Another useful example is the experience of the ten states that decriminalized the possession of small amounts of marijuana for personal consumption in the 1970s. There was no increase in the level of marijuana use in those states. Indeed marijuana consumption declined in those states just as it did in states that retained criminal sanctions against marijuana.
In 1976, the Dutch decriminalized marijuana consumption, although possession and small sales technically remained illegal. The level of use actually declined after decriminalization. Indeed marijuana use in the Netherlands is substantially lower than in countries waging a "war on drugs," including the United States and, at least until recently, Germany. Among Dutch youths aged 17--18, only 17.7% used marijuana at least once in their lifetimes, as opposed to 43.7% of Americans. Only 4.6% of the Dutch had used marijuana at least once in the past month, as opposed to 16.7% of the Americans. While indicating clearly that prohibitionist laws do not prevent the use of drugs, these statistics also tend to show that legalizing now-prohibited drugs, at least marijuana, does not inevitably cause an increase in use.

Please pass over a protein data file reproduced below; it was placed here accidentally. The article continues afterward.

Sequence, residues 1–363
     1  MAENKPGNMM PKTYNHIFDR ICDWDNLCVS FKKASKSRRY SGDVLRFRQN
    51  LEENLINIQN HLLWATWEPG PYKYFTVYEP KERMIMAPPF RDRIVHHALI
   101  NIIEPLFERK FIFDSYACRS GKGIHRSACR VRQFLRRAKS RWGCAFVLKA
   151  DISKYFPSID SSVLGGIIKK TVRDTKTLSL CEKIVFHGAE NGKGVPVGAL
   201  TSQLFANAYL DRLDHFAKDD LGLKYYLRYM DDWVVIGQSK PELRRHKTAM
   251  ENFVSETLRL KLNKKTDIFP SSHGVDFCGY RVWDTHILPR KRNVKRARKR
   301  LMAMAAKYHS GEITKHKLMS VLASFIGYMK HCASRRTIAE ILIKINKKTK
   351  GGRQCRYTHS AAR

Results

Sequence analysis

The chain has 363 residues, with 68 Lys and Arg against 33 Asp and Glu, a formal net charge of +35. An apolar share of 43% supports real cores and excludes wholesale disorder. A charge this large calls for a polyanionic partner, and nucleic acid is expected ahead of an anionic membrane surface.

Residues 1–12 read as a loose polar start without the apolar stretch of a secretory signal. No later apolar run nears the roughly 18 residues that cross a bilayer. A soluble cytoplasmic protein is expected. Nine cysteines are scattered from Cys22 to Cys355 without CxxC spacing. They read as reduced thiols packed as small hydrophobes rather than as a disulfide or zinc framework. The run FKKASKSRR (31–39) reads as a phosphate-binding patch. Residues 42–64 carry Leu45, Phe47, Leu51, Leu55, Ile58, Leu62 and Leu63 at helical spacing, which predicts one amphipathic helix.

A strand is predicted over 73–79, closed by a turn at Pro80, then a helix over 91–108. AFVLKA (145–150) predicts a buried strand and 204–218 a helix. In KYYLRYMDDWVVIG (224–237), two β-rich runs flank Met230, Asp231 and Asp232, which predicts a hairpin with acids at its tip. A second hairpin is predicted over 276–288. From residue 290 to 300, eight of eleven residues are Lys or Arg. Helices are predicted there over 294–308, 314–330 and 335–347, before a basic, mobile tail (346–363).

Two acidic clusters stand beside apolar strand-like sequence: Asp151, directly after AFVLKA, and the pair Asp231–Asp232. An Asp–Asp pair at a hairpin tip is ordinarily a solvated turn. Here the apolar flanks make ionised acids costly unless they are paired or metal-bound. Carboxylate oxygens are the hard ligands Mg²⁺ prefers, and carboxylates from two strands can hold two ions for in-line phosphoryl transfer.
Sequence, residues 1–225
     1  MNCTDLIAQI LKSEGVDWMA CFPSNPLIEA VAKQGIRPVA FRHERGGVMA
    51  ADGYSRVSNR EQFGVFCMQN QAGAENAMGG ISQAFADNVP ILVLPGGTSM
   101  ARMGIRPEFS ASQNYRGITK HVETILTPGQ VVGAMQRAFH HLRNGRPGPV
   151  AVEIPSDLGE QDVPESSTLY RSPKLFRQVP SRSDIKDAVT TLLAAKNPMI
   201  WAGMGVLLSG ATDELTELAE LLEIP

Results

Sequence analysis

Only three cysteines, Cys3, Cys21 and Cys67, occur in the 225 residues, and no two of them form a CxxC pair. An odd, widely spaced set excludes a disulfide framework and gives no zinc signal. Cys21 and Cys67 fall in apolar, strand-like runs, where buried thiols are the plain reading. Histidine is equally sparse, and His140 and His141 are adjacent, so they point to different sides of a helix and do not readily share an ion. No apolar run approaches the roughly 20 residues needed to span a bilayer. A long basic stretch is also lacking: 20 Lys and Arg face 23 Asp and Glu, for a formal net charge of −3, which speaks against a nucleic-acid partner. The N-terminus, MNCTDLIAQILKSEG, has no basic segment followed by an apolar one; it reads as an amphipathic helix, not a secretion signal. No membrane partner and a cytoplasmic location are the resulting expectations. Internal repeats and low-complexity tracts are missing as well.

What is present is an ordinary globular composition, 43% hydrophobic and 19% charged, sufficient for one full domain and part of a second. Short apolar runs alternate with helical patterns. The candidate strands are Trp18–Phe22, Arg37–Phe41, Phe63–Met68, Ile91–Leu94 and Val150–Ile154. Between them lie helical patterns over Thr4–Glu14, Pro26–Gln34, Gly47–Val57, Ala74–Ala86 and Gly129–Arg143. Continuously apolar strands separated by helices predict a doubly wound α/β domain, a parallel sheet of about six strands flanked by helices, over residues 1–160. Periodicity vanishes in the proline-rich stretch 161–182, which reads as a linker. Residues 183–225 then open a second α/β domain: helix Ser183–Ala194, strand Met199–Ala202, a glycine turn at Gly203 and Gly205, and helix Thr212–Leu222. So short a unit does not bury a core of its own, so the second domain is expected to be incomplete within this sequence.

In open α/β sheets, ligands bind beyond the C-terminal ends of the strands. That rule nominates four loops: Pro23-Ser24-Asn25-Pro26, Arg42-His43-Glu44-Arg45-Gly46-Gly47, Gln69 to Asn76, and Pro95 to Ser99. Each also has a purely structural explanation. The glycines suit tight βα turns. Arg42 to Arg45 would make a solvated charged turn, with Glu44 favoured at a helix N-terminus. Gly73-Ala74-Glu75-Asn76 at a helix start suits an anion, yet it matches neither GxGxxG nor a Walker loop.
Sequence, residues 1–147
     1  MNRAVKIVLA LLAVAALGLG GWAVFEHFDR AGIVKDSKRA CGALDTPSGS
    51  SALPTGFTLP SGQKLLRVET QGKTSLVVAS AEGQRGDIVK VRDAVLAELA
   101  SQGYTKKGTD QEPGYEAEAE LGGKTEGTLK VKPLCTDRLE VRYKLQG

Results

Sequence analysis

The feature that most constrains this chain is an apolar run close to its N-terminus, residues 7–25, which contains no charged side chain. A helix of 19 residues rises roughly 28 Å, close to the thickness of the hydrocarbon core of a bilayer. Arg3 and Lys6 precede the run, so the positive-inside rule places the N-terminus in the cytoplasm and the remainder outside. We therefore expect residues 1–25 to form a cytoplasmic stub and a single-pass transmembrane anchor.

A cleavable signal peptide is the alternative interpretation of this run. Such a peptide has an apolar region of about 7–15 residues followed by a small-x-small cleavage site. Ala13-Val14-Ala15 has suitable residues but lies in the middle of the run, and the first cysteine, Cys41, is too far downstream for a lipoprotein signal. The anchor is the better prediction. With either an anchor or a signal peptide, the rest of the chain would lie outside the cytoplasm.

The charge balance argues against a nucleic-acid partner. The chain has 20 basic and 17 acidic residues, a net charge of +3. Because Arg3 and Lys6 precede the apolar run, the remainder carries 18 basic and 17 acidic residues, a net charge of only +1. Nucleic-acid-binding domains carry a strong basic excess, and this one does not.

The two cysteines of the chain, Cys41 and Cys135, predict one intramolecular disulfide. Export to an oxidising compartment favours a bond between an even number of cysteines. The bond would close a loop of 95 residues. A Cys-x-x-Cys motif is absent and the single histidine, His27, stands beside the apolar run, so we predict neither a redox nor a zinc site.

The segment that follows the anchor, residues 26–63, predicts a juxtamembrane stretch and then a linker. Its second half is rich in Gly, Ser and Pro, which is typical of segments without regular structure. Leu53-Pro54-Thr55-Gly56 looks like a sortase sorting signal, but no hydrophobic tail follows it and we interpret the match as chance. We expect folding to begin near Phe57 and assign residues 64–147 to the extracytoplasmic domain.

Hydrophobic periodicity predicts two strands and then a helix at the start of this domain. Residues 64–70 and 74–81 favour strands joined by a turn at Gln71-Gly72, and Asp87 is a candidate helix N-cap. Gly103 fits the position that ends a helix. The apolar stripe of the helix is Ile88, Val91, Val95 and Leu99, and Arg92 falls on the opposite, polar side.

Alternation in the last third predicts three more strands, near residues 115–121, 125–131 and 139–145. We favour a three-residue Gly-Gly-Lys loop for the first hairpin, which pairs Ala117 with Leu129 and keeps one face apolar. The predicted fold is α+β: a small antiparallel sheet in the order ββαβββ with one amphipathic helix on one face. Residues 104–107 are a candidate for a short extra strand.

Under an exception to the British prohibitionist system, doctors may provide prohibited drugs to addicts. Dr. John Marks of Liverpool commenced such a program in 1982, and, to his astonishment, he noted that the number of new addicts decreased in Liverpool while in a nearby town operating under prohibition the rate of new addicts was twelve-fold higher. Dr. Marks attributed the decline in the number of new addicts to the fact that addicts received their needed drugs from his program for pennies, thus there was no longer any need for addicts to bring in new customers to raise enough money to support their habits.
Others addressing the issue of whether the levels of use of now prohibited drugs would escalate to overwhelming proportions after legalization (as many prohibitionists have predicted) have likened possible patterns of illegal drug use to patterns of alcohol use, with which we have a solid familiarity. They point out that Western cultures have handled alcohol consumption with tolerable skill for centuries and point out that most of the American population that drinks occasionally, or even every day, exercises moderation.